A Complete Guide to Growing Bush Beans
Updated: Mar 24
Bush beans are easy to grow in your backyard garden or in pots. Helping with planting beans has been a favorite of my kids garden activities since the time they were toddlers. The size of the seeds makes planting beans easy for any age. Beans are listed as one of the 11 easiest vegetables for beginner gardeners to grow.
Growing beans in your vegetable garden is not only easy to do but also beneficial to your garden soil! Beans (along with the rest of the legume family) add nitrogen back into your soil.
Bush Bean Varieties
Bush beans come in many varieties and colors including purple, yellow and green beans. Most varieties of bush been seeds sold today are stringless. One of my favorite varieties of green beans is the Provider variety. It is one of the earliest green beans and can be ready for harvest just 50 days after planting.
When to Plant Bean Seeds
Beans are a heat loving crop that is very sensitive to frost. A soil temperature of 25°C (77°F) is needed for good germination.
Bean seeds can be planted directly into your garden 10 days before your last frost. Where I live, in zone 3 Alberta, I like to plant my bean seeds around June 10th. I often get a very light frost the second week of June. If my beans are up and not covered I lose them to the frost. Hail is another one that sadly likes to take out my beans.
Because beans are planted fairly late in the season, consider planting radishes, spinach, and other fast growing, cold hardy, baby greens near the end of March in the garden bed where you plan for your beans to go. Plan to harvest these prior to planting bush beans.
How to Plant Bush Beans
Soaking bean seeds before planting them is controversial. Some people soak their bean seeds to speed up germination. Bean seeds are susceptible to rotting, especially if the soil temperature is cool. If you wish to soak your bean seeds, soak for less than 8 hours and rinse them well prior to planting.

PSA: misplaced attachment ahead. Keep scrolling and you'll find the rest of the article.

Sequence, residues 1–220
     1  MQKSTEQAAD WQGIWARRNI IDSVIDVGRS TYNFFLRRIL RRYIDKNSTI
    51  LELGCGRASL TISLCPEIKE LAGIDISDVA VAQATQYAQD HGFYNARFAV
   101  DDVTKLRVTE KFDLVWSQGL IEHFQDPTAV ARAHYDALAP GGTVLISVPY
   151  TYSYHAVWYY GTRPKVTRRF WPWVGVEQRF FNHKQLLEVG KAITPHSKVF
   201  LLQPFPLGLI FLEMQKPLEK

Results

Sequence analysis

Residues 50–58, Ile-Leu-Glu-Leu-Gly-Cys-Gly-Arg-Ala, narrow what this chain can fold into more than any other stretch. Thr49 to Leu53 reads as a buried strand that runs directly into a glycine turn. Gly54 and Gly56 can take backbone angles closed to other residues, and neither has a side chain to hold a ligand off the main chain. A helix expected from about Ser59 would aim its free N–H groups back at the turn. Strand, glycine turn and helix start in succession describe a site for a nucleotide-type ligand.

Plant bush bean seeds 1 inch deep and 2 inches apart. Thin to 4 inches apart. Suggested spacing between rows is normally 18 inches but in my raised beds I plant mine around 10 inches apart with good success.
Check your seed package to make sure your bean seeds have been packaged in the past year. Bean seed germination rates fall rapidly with age. Two-year-old beans may only have a germination rate of 50%.
How Long Does it Take Beans to Germinate?
It normally takes anywhere from 7 to 16 days for beans to germinate (or sprout) depending on soil temperature, moisture, and bean variety.
Succession Planting Beans
Because beans tend to suddenly be ready at the same time it is helpful to succession plant beans every two weeks for a continuous supply. Keep in mind how many days your beans need to mature and when your fall frost is to be sure you have time for the later beans to mature.
Where to Plant Beans
Plant your beans in a full sun location and in well drained soil. Beans can tolerate a wide pH range but ideal soil pH for beans is 6.0 to 6.5. Planting beans in pots and raised beds are great options as the soil tends to warm up sooner and to stay warmer above ground level.
How Often to Water Beans
Like most garden vegetables, beans require 1 to 2 inches of water per week, depending on soil and weather conditions. Check out my tips for watering your vegetable garden.
Do Beans Need Fertilizer?
Surprisingly, no, beans do not need fertilizer. In fact too much nitrogen will produce lots of leaves but delay flowering and thus, harvest date. Instead make sure you are planting into good soil and simply water as needed.
Beans can be harvested as soon as the pods reach the desired size for eating. Smaller beans picked sooner tend to be more tender. Bush beans normally produce for 2 to 3 weeks. During this time harvest beans every few days. You will find the pods grow rapidly and seem to appear from nowhere!
It is best not to harvest beans while the leaves are wet as this may make them more susceptible to disease.
Companion Plants for Bush Beans
Companion plants for bush beans include beets, nasturtiums, radishes, peas, strawberries, celery, corn, cucumbers, Swiss chard, potatoes and marigolds. Avoid planting bush beans near onions and garlic.
What to Plant After Beans
Because beans add nitrogen into the soil plant heavy feeders like brassicas (cabbage, cauliflower, broccoli, brussel sprouts) or squash in the garden space the year following planting beans.
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